• Measures to ensure that those responsible for assessing civilian casualties (e.g. in civilian casualties “cells” in the combatant commands) have access to strike data;
  • Means by which the public can provide reports of civilian casualties;
  • Policy guidance for assessing and investigating civilian casualties;
  • Guidance for publicly acknowledging civilian casualties caused by US military operations;
  • “Culturally appropriate” policies for responding to the death and injury of civilians, involving a broader range of options that includes not only ex gratia but also acknowledgement;
  • Channels and means of engaging NGOs and other stakeholders, including in conflict zones;
  • The proactive release of accurate information “to put military operations in context” and to “facilitate informed perceptions,” and to “counter misinformation and propaganda;”
  • Last but not least, the policy will “account for the need to ensure that development and acquisition processes [related to technology] consider the protection of civilians and the need to minimize civilian casualties.”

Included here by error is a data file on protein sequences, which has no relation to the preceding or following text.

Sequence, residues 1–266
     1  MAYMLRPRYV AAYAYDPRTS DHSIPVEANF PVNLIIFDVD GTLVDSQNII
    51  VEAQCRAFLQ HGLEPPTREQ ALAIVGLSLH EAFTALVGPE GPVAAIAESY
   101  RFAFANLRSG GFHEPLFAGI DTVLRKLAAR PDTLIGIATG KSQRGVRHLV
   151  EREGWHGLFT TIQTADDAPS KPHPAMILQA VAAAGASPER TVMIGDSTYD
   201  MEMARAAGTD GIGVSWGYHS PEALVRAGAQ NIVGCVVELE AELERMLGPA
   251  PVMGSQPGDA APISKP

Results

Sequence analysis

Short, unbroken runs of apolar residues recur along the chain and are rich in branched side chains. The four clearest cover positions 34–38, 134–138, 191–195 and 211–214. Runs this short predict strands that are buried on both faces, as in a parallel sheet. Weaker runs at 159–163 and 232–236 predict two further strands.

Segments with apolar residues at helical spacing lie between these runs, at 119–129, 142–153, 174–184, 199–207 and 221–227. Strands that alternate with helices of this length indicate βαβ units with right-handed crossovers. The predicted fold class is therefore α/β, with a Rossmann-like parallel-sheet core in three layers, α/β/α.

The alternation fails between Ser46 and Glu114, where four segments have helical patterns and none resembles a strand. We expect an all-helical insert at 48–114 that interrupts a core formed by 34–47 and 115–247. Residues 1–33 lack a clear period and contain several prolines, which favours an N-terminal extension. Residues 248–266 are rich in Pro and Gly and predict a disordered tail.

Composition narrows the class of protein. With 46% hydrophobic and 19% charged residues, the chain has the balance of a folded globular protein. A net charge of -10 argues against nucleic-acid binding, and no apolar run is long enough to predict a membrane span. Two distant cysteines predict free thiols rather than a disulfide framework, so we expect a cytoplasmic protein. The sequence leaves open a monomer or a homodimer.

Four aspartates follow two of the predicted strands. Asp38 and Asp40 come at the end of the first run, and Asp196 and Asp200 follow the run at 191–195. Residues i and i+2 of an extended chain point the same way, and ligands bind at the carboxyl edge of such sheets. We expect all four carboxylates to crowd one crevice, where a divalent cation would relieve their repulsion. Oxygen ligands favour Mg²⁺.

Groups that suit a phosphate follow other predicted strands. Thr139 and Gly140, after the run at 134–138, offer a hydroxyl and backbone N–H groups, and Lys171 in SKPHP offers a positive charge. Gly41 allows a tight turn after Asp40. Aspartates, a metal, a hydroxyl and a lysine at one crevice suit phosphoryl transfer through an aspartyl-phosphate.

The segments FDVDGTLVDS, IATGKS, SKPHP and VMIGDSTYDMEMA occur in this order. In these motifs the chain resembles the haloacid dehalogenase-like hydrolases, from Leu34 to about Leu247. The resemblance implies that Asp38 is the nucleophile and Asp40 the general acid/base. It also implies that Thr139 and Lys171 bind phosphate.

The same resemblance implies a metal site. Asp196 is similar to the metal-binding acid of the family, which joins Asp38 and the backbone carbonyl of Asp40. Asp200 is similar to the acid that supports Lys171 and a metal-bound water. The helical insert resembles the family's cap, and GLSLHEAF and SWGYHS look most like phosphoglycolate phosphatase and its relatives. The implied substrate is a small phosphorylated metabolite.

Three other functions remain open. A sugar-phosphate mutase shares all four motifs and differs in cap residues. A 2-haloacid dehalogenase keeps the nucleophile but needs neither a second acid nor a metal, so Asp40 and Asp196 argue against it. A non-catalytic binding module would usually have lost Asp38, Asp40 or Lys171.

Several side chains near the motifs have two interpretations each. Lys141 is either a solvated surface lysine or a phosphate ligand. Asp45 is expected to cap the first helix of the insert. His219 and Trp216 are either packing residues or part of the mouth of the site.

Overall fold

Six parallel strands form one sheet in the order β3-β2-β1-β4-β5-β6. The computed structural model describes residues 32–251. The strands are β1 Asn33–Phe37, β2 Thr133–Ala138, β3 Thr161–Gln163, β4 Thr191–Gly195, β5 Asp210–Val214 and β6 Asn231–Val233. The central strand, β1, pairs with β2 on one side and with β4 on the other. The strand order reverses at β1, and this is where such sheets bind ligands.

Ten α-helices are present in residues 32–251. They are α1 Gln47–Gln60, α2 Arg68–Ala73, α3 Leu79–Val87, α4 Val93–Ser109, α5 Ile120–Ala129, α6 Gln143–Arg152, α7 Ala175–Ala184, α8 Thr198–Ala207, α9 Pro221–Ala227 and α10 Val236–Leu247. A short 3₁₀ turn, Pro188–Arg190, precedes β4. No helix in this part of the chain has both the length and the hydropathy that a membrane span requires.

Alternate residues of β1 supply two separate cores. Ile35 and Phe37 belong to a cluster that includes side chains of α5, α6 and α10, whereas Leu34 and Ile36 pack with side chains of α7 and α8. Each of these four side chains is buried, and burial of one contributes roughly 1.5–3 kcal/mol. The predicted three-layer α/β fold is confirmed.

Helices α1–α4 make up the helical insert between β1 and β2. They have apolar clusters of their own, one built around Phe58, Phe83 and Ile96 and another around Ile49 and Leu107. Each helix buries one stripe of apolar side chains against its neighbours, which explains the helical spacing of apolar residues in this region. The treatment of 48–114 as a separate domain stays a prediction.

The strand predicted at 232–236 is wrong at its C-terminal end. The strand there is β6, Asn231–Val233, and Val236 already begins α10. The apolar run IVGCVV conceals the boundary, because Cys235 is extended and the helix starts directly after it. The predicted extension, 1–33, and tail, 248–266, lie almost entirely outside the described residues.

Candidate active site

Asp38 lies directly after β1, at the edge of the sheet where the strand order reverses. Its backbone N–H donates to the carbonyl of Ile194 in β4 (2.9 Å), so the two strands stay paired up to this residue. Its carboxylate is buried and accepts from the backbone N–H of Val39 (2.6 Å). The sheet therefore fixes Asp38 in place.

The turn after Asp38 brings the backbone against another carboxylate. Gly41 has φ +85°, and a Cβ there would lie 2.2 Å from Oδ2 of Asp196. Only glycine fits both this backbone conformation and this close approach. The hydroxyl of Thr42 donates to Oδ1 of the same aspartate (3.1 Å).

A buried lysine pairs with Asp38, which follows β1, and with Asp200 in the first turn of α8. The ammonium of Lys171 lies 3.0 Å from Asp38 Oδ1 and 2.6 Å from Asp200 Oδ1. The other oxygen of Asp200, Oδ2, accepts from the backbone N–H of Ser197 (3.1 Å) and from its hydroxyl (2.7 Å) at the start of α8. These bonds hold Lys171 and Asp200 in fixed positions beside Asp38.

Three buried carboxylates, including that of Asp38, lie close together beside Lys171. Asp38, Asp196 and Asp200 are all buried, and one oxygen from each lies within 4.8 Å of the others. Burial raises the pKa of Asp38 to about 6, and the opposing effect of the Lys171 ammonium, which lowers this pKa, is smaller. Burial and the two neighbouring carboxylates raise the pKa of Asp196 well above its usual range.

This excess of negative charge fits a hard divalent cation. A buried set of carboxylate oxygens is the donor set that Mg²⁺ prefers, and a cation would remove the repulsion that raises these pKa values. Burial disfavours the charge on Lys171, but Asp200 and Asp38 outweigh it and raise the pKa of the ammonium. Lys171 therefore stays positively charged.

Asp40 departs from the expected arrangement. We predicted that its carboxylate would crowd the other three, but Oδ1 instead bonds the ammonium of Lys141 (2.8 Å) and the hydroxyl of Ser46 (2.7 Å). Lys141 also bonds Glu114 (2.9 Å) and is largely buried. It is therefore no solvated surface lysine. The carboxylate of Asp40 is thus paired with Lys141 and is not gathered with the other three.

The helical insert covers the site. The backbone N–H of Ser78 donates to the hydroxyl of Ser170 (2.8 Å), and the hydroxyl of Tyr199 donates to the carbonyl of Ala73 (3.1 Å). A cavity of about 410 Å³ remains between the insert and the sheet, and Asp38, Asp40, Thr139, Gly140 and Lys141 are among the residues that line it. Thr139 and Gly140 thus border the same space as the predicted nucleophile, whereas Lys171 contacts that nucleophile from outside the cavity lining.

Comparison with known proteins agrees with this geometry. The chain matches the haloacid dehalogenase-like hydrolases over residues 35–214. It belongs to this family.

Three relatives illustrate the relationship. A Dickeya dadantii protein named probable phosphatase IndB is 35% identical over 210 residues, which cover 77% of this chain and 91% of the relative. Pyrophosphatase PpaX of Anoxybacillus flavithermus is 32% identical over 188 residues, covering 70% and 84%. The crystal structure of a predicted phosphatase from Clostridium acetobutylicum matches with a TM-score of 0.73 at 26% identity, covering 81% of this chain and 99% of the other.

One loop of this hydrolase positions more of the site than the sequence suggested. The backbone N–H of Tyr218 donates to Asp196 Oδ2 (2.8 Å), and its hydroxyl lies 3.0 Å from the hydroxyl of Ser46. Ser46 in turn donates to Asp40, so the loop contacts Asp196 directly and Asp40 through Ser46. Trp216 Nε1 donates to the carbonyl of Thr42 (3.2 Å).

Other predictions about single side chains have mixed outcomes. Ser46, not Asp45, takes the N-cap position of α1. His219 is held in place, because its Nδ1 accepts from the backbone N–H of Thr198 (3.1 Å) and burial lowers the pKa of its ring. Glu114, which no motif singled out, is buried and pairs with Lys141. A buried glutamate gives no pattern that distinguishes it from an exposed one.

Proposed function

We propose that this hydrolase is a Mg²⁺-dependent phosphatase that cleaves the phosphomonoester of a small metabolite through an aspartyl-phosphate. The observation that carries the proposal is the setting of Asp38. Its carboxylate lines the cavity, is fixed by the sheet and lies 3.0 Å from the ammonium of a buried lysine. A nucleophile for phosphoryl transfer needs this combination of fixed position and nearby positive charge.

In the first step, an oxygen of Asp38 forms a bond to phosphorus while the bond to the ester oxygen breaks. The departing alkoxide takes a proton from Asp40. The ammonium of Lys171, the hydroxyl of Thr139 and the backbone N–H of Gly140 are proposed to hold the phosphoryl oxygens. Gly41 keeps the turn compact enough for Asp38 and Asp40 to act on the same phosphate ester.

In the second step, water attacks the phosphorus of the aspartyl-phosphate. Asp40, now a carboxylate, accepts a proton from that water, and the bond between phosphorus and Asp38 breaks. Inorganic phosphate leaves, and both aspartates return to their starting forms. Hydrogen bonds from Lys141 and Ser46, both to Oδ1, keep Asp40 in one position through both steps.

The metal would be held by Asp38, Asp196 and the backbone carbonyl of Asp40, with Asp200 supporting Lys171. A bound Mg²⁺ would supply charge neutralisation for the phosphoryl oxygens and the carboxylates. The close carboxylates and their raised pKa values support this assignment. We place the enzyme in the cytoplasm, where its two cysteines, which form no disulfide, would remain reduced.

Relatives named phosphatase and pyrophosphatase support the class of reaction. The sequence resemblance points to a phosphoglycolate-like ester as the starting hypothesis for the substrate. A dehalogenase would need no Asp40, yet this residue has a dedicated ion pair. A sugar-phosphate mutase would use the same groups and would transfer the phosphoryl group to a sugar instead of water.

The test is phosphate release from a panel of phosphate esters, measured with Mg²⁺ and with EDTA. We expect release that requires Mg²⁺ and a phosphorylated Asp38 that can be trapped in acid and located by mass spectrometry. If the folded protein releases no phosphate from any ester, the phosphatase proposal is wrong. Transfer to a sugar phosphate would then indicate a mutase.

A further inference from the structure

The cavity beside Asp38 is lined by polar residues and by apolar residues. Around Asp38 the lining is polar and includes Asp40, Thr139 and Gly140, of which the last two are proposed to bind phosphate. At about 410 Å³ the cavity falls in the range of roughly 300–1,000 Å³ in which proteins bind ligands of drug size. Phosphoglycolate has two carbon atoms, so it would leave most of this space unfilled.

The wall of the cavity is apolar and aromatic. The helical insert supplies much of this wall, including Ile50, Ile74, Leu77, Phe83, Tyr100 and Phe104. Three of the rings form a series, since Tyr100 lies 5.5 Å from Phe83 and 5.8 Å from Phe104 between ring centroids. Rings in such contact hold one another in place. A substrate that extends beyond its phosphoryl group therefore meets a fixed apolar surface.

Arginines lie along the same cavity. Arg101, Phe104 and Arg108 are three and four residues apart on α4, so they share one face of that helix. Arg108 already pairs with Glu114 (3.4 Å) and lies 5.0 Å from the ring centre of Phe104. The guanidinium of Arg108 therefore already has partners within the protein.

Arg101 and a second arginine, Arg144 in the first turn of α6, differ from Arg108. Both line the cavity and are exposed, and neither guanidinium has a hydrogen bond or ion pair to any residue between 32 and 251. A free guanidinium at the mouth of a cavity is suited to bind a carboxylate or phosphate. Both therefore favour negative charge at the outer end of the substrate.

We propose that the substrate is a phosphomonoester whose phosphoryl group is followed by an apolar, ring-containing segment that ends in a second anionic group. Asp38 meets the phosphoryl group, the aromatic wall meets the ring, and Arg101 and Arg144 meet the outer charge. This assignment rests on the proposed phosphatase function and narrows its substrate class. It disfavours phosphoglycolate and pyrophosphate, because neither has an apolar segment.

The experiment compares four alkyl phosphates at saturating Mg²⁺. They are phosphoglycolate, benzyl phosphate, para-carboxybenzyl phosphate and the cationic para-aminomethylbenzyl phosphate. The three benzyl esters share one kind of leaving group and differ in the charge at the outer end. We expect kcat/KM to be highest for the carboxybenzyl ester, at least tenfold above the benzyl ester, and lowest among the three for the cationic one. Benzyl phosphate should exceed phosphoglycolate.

As with the steps taken this past year, these forward-looking commitments are welcome and important to the extent that they signal the intention to consider seriously the concerns held by outside groups and to modify practices accordingly. Even with the best of intentions, the process of making institutional reforms across several commands and offices at the Pentagon is not a process for the faint of heart, and will require leadership from the highest levels, ample resources, and stable staffing to succeed.

How Congress – and the Rest of Us Can Help

With the delivery of this report, Congress and external stakeholders can help ensure that the Pentagon’s efforts over the next year result in robust, meaningful changes. For example, Congress can use the Fiscal Year 2020 NDAA to ensure that the Department has the necessary resources to implement needed changes, including both staff and technology. Congress could and should also encourage the Pentagon to use existing resources to fund additional independent research by Federally Funded Research and Development Corporations, including to examine the potential causes of disparity between independent public estimates and official government estimates (which was excluded in the scope of the internal Pentagon study), and lessons learned from specific operations that represent challenges that the military is likely to encounter again in the future (urban operations or “by, with, and through” operations). Meanwhile, NGOs can provide recommendations to the Pentagon for improving its capacity to engage with civilians or intermediaries in the many countries in which it conducts operations.